Published on Countercurrents.org, by Ramzy Baroud, 24 October, 2008.
… It’s rather ironic that those who cried foul every time a Third World government dared intervene in their national economy – even if to guarantee the welfare of the poorest segments of society – said nothing as the US, the UK and others defied every rule of the free market economy long championed by neoliberal economists. Even leading US Republicans who chastised “Big Government” at every turn (especially to block welfare programmes that mostly benefit the poor) cheered the government on as it moved to bail out the rich who, as usual, are likely to remain unaccountable for risking the retirement funds and life savings of millions of Americans.
A dominant argument to justify government behaviour is, yet again, the trickle down effect: a term coined by a Ronald Reagan speechwriter that simply means that what is good for the rich is, eventually, good for the poor. While elites in every society eagerly infuse such “Reaganomics” at every turn, the world’s poor is yet to feel the trickles, which poses an interesting question: Why the unprecedented and historic urgency to bailout the rich (for the sake of the poor, at an imaginary point in the future), while the poor can easily be saved without such roundabouts plans?
The fact is that neither America’s poor nor Africa’s poor are on the minds of European leaders, nor the Bush administration, as their high officials continue to hold anxious meetings and offer the most generous rescue packages. If indeed it’s the plight of humanity that is worrying these governments, then maybe they should consider the following, according to Oxfam, UK: “The number of hungry people now stands at 967 million. And around 24,000 people die daily of hunger-related causes. Around 2.7 billion people live on less than £1 a day; up to 80 per cent of this income goes on food.” Care International’s calculations are equally bleak, with 220 million people of the number above on the brink of starvation.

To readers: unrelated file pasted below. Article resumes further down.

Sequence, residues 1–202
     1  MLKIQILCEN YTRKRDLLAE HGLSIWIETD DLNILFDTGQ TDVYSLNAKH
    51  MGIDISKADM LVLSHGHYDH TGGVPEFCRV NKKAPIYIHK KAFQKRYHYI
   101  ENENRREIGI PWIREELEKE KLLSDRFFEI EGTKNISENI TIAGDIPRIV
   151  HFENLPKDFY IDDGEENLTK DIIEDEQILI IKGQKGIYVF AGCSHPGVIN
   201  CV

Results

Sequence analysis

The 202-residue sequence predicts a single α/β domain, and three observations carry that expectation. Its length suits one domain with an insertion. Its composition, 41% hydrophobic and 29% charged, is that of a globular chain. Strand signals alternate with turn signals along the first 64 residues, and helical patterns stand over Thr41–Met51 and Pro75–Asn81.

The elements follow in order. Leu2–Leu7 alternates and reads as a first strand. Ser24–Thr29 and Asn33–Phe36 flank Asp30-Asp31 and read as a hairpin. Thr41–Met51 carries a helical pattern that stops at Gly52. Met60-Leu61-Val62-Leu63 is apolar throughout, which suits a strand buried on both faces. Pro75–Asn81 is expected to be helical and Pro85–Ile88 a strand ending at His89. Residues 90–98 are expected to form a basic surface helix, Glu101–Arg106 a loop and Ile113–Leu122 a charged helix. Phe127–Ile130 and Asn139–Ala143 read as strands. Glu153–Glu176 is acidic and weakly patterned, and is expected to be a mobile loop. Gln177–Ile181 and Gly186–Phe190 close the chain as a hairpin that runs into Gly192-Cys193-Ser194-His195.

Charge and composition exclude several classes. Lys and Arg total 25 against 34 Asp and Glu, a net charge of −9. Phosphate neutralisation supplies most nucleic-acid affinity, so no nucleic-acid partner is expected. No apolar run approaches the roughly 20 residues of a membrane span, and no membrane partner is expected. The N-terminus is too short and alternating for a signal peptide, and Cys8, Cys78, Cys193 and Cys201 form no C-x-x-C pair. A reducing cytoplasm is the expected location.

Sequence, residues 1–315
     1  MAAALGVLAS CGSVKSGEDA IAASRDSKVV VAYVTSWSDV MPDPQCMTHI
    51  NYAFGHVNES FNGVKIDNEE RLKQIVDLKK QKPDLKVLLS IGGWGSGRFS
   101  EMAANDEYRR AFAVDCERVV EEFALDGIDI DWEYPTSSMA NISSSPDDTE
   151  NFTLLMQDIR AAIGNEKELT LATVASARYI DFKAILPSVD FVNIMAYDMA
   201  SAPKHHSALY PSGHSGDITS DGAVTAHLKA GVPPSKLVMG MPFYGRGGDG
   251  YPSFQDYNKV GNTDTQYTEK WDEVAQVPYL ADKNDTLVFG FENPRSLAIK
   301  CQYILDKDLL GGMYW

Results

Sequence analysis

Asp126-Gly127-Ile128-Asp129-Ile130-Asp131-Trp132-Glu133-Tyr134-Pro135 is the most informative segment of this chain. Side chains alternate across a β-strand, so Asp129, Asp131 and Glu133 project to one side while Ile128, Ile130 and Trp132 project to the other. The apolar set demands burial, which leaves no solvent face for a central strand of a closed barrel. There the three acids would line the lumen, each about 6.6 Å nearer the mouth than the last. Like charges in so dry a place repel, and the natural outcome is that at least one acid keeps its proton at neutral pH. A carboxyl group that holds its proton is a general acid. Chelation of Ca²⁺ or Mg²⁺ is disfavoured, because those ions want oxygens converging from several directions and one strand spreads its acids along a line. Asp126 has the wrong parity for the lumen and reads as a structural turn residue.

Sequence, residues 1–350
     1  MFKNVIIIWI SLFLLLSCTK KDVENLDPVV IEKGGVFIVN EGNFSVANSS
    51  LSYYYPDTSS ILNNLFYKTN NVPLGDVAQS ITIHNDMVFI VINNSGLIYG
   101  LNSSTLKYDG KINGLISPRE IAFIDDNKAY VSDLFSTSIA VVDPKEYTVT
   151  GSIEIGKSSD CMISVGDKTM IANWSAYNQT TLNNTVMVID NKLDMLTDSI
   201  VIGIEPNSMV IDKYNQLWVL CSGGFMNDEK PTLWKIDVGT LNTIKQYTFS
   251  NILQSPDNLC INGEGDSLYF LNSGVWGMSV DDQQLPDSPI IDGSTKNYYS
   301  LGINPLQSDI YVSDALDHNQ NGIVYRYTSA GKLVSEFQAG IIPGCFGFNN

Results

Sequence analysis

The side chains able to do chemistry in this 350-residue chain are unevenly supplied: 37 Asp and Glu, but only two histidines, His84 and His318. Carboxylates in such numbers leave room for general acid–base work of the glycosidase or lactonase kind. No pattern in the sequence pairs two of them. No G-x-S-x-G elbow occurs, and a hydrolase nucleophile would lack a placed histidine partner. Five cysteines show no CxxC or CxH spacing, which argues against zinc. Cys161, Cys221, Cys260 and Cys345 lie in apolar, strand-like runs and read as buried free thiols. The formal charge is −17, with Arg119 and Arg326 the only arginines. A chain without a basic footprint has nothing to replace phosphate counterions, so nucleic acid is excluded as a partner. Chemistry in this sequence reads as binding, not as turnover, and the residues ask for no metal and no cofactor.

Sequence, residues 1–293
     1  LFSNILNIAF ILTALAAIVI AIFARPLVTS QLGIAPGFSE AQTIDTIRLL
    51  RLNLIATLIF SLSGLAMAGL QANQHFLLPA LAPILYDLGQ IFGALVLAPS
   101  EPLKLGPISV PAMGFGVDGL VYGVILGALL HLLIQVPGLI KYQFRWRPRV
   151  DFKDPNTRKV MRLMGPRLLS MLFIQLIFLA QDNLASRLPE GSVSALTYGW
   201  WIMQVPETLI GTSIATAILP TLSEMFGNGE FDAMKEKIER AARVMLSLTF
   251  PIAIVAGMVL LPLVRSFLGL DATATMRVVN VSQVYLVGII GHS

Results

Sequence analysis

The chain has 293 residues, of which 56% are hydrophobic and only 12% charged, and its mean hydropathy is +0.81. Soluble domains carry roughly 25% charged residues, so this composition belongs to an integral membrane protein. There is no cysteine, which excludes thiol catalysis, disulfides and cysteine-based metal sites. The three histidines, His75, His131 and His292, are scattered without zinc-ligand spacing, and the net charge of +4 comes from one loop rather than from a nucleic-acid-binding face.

According to Oxfam, the main reasons for world poverty are also manmade: “biofuel policies, high fuel prices, growing global demand, unfair world trade rules, and climate change.” Long before the Wall Street financial crisis, there existed a much more dangerous crisis, the world food crisis, dubbed a “perfect storm”. The latter is much more consequential for it affected the very lives, not simply the standard of living, of many millions around the world.
Barbara Stocking wrote in the New Statesman, “According to the latest figures, the food crisis has resulted in an extra 119 million malnourished people, bringing the total to almost one billion — nearly one in seven people now goes hungry. This is hunger on so vast a scale that it is difficult to understand how the world arrived at this point.”
It’s very telling that trillions have already been spent to patch up leading world financial institutions, while out of the comparatively small sum of $12.3 billion pledged in Rome earlier this year, to offset the food crisis, only $1 billion has been delivered. The hope that at least extreme poverty can be eradicated by the end of 2015, as stipulated in the UN’s Millennium Development Goals, seems as unrealistic as ever, not due to lack of resources but a lack of true concern for the world’s poor.
Whether the American, European or any other government infused bailout packages rectify the financial crisis or not, chances are that 16 October 2009 will bring similarly devastating news about the plight of the world’s poor and which is likely to remain that: mere “news” that requires little action, if any at all. (full text).